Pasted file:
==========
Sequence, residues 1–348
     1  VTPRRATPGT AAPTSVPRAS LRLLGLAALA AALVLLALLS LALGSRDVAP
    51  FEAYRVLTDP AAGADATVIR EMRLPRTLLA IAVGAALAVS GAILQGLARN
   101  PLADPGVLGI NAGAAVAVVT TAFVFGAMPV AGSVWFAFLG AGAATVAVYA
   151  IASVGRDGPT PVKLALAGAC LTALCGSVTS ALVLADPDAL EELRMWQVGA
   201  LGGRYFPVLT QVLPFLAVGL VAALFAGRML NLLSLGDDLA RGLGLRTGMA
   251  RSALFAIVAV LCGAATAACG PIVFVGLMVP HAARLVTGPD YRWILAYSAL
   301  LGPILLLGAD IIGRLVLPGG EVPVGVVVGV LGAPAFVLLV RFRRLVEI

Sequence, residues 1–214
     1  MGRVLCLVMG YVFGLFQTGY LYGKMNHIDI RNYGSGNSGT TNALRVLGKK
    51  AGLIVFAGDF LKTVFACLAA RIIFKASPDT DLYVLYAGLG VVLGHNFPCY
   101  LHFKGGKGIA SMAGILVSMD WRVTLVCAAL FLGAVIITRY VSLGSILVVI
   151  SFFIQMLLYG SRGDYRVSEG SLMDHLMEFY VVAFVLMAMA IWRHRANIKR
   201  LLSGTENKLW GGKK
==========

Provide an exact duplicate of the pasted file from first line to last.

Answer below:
Sequence, residues 1–348
     1  VTPRRATPGT AAPTSVPRAS LRLLGLAALA AALVLLALLS LALGSRDVAP
    51  FEAYRVLTDP AAGADATVIR EMRLPRTLLA IAVGAALAVS GAILQGLARN
   101  PLADPGVLGI NAGAAVAVVT TAFVFGAMPV AGSVWFAFLG AGAATVAVYA
   151  IASVGRDGPT PVKLALAGAC LTALCGSVTS ALVLADPDAL EELRMWQVGA
   201  LGGRYFPVLT QVLPFLAVGL VAALFAGRML NLLSLGDDLA RGLGLRTGMA
   251  RSALFAIVAV LCGAATAACG PIVFVGLMVP HAARLVTGPD YRWILAYSAL
   301  LGPILLLGAD IIGRLVLPGG EVPVGVVVGV LGAPAFVLLV RFRRLVEI

Sequence, residues 1–214
     1  MGRVLCLVMG YVFGLFQTGY LYGKMNHIDI RNYGSGNSGT TNALRVLGKK
    51  AGLIVFAGDF LKTVFACLAA RIIFKASPDT DLYVLYAGLG VVLGHNFPCY
   101  LHFKGGKGIA SMAGILVSMD WRVTLVCAAL FLGAVIITRY VSLGSILVVI
   151  SFFIQMLLYG SRGDYRVSEG SLMDHLMEFY VVAFVLMAMA IWRHRANIKR
   201  LLSGTENKLW GGKK